Name: La Trappe Dubbel
Brewery: Bierbrouwerij De Koningshoeven B.V.
Country of Origin: Netherlands
City & State: Berkel-Enschot, Netherlands
Alcohol Content (ABV): 7%
First Brewed: 1982
This beer differentiates itself from several Belgian Trappist dubbers by toning down the chocolate and coffee notes. It is sweeter on the palate with slight aromatic notes on the nose.
Did you say sweet? I like sweet! We haven’t done a list beer in FOREVER!!! So today, on my way to the golf course, I decided that we would review a list beer when I got home. I asked Sheryl what she wanted to review, and she didn’t care. Then I asked her if she wanted to review a small bottle or a big bottle. Duh. She said big! We have several beers in the fridge to review, including a few off the wall beers. But we will get to those. I just missed writing reviews from the book.
Speaking of the book… We aren’t really focused on the list right now. We are not sure it is worth finishing since we already know we will never finish the original list. What do you think? Would you keep digging?
Let’s get back to the sweet beer in my glass. Cheers!
In the Glass: It is quite dark in the glass, and has a nice creamy head to it. The beer, at first, provided a nice thick head that I didn’t expect. Then I could smell the sweetness of the malts, and I just wanted me some. I have had a pretty big beer week thanks to Dakine. I was at his place on Friday and did a vertical of all Hunahpu’s Imperial Stout from Cigar City.
I could already smell it. Does it get sweeter as it heats up?
Nose: Holy crap this beer is going to be good. That is just a sugary sweet mess of awesome in my glass. It better taste as good as it smells. I am getting a hint of milk chocolate and a nice burnt sugar sweetness that I hope proves to be a long lasting sweetness on the palate. Man, I can barely control myself. Let’s drink!!!
Flavor: Even ice cold. this beer is incredible. The same sugary sweetness notes that I was smelling are present on the palate, and as you swallow and the beer sits there on your tongue, the sweetness becomes almost drying like an Irish stout. This is a dark dubbel, from previous experience, but is coming from one of the few trappist monasteries in the world. Monks just know how to make good beer!
As the beer sites on my palate, I am getting a nice raisin flavor in the finish, and the aftertaste lasts for a long time. I bet, as this beer heats up, it will change flavor several times. My least favorite part of this beer is the mouthfeel.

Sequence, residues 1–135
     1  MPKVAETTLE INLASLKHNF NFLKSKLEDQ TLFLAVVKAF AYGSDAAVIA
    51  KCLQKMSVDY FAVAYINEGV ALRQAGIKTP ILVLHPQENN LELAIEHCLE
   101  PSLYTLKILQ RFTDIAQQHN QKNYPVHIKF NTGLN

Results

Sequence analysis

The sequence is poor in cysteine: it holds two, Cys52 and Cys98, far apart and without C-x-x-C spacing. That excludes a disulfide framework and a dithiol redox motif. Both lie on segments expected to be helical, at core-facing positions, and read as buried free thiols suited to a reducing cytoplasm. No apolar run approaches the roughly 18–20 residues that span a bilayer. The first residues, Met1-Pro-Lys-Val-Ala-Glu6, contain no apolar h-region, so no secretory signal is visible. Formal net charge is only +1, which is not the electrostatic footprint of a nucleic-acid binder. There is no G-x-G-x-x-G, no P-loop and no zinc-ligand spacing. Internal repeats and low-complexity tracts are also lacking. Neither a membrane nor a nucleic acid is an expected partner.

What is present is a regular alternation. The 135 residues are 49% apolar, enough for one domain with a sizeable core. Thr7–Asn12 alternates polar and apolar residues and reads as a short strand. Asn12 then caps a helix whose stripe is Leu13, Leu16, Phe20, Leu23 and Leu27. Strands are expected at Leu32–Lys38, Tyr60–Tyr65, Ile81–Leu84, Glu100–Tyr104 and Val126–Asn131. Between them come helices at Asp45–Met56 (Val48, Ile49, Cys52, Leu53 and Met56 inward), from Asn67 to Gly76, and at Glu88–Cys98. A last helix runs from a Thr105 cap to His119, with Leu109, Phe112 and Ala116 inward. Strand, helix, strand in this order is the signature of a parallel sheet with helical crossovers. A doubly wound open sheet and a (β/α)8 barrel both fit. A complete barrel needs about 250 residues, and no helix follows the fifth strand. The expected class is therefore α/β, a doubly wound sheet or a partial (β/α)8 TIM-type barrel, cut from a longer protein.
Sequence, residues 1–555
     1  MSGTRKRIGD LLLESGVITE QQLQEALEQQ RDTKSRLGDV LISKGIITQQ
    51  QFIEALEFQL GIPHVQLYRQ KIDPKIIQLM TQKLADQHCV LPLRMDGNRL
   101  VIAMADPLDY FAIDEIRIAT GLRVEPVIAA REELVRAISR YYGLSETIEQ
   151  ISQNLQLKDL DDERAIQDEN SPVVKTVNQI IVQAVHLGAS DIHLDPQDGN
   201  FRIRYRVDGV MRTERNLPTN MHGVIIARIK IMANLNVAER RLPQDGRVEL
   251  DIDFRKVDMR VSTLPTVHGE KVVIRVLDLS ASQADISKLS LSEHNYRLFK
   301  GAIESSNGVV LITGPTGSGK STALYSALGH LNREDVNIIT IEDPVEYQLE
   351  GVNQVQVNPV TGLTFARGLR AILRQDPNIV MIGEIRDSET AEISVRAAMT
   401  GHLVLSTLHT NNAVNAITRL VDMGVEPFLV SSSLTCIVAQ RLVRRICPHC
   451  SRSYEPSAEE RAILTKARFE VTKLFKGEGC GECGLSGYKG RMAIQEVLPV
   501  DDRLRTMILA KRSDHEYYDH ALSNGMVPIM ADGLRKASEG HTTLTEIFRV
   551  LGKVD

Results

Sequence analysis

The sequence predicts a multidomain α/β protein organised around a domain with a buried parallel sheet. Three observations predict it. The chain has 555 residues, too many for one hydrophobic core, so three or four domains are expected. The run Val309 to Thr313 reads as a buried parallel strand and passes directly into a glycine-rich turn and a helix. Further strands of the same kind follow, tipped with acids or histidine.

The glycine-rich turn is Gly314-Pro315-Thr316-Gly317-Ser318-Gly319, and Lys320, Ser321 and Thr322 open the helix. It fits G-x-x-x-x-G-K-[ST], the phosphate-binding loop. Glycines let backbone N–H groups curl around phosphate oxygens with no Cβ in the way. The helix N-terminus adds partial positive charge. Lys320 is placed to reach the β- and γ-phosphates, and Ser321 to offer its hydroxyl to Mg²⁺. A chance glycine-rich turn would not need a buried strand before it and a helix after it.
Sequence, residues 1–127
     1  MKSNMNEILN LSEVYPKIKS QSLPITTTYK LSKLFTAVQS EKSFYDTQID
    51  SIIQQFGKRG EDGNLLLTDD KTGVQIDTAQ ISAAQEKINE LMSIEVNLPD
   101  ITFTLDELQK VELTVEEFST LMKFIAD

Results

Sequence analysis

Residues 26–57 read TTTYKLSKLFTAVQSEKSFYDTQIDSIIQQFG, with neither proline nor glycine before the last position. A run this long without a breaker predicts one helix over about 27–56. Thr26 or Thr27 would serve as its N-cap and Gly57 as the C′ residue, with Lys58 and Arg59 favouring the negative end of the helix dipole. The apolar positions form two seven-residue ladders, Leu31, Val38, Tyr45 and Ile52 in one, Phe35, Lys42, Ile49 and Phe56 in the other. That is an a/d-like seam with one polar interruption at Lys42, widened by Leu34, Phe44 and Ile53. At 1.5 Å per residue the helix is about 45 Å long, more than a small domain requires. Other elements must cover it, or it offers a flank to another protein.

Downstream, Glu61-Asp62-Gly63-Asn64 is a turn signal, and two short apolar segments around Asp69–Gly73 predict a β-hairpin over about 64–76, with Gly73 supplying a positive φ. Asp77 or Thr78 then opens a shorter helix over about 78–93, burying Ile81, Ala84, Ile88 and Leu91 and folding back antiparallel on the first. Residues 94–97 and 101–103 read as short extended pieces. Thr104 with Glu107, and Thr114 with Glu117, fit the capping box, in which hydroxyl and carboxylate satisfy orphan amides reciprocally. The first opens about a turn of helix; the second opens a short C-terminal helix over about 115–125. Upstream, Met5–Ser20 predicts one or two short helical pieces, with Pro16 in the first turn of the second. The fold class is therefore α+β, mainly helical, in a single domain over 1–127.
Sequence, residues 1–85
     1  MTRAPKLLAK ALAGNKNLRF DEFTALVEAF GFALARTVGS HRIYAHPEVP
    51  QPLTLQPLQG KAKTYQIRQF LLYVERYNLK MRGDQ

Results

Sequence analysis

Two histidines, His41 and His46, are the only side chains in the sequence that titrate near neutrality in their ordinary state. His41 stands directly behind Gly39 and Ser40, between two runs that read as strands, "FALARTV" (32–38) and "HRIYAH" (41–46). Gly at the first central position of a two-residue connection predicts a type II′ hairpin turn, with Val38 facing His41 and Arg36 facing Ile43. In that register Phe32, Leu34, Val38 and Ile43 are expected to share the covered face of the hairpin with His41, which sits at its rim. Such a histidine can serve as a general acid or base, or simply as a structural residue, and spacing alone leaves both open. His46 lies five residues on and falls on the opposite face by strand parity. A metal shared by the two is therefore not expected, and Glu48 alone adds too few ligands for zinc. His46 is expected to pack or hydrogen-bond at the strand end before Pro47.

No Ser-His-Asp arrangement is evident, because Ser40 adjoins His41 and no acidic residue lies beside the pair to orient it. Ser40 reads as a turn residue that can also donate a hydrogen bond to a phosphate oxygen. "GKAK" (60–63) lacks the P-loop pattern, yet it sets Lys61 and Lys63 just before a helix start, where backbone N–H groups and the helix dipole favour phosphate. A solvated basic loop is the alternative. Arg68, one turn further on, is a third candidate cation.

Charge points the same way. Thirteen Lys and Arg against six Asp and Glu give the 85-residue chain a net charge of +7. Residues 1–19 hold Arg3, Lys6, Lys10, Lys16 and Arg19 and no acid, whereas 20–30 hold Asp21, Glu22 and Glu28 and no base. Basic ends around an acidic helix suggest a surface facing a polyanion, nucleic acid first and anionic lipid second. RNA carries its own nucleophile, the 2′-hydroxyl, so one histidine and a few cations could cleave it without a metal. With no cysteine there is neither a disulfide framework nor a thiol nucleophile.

Mouthfeel: There is WAY too much carbonation here. If this was a saison, fine. But it’s not. This is a big malt bomb that, in my opinion, should have a nice thick almost milk like mouthfeel. Based on the aroma and the flavor, the mouthfeel is what will keep this beer from a perfect score. The burp is incredible, too. Just a great example of the style and it makes me want to return to Belgium.
Aftertaste: There are a ton of dried fruit and raisin flavors going on here. I don’t want to say fig… But that is what I keep thinking of. I mean, I don’t know what a fig is and/or smells like. So if this is fig, then so be it. I just really like the flavor. It does taste a bit hotter than 7%, but glad that it is low enough that I could finish an entire bottle and still be able to drive home!
Their blonde is also on the list. But there is no way it will be as good as this. Man, that is just a really good beer. Cheers!!!
La Trappe Dubbel – The bottle says: “Since 1884, the monks of Koningshoeven have brewed La Trappe Ales to support themselves. Made with traditional ingredients and age old recipes, La Trappe Ales use the oat modern quality-control methods to produce beer that is the perfect marriage of the old and the new. Fermentation takes place using a type of yeast which is most active between 62 F and 68 F. This type of fermentation is called top fermentation.”
“La Trappe Ales are made from carefully selected malts and hops and fermented with a stain of yeast unique to Koningshoeven. Each of the La Trappe Ales bottles is conditioned for a full, complex flavour and long shelf life.”
“Unlike commercially produced, filtered and pasteurized beer, La Trappe Ales can be aged like fine wine.”
“Taste the Silence”
Beer time again! I hope this one is good. It is a Trappist beer, presumably brewed at a Trappist monastery by monks. Monks make good beer. Usually.
The beer is a very dark brown in the glass. It looks kind of thick, and you can’t see through it at all. There’s not much head, either. It doesn’t leave a lot of lace when swirled around in the glass. It smells kind of nutty and fruity at the same time, kind of like a plum or raisin nose to it. Judging from all of this so far, I’m expecting it to be pretty good.
Ricky just confirmed this is a list beer. I don’t think I knew that because we had discussed doing one that wasn’t. But I guess this is. We’ve kind of gotten away from the list beers lately, just because there aren’t a lot left that we can easily get here in Arizona. But I guess this was one of them that we got from somewhere.
Ok, time to taste it. It actually does taste kind of nutty, more that than fruity. I had thought maybe I was just getting the nuttiness from the fact that it was a brown beer and that’s just what I expect most of them to taste like. This one does taste nutty, and a bit carbonated as well. Those are probably the two things I get the most from it. I don’t really get those fruit tones I was smelling in the flavor much at all. This beer is good, but not as good as I was expecting. It needs a little more richness and flavor, in my opinion. It’s lighter than I was expecting. But still good. I like the aftertaste. This is one I might buy again, but honestly, it just really doesn’t have a whole lot to set it apart from other beers.